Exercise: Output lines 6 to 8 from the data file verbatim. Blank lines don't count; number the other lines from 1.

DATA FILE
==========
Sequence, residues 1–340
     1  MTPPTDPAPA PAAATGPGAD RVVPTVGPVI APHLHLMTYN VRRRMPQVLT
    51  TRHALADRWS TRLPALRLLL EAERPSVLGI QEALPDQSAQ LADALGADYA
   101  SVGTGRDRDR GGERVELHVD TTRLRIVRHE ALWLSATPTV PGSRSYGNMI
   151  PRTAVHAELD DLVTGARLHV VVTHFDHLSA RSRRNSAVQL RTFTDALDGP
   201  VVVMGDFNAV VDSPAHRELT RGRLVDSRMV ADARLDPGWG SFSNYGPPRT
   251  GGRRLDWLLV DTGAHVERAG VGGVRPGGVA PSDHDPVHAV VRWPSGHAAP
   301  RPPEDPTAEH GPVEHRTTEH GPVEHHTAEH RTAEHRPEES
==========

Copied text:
   201  VVVMGDFNAV VDSPAHRELT RGRLVDSRMV ADARLDPGWG SFSNYGPPRT
   251  GGRRLDWLLV DTGAHVERAG VGGVRPGGVA PSDHDPVHAV VRWPSGHAAP
   301  RPPEDPTAEH GPVEHRTTEH GPVEHHTAEH RTAEHRPEES